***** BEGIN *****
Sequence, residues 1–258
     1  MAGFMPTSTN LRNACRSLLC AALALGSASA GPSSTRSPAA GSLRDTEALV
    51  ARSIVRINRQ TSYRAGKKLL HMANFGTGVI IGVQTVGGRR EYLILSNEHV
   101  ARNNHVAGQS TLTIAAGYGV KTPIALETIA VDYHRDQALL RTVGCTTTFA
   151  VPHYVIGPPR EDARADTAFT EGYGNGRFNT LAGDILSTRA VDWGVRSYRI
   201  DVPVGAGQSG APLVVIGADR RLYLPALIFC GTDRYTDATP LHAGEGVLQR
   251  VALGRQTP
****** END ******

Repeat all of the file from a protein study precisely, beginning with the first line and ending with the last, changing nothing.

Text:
Sequence, residues 1–258
     1  MAGFMPTSTN LRNACRSLLC AALALGSASA GPSSTRSPAA GSLRDTEALV
    51  ARSIVRINRQ TSYRAGKKLL HMANFGTGVI IGVQTVGGRR EYLILSNEHV
   101  ARNNHVAGQS TLTIAAGYGV KTPIALETIA VDYHRDQALL RTVGCTTTFA
   151  VPHYVIGPPR EDARADTAFT EGYGNGRFNT LAGDILSTRA VDWGVRSYRI
   201  DVPVGAGQSG APLVVIGADR RLYLPALIFC GTDRYTDATP LHAGEGVLQR
   251  VALGRQTP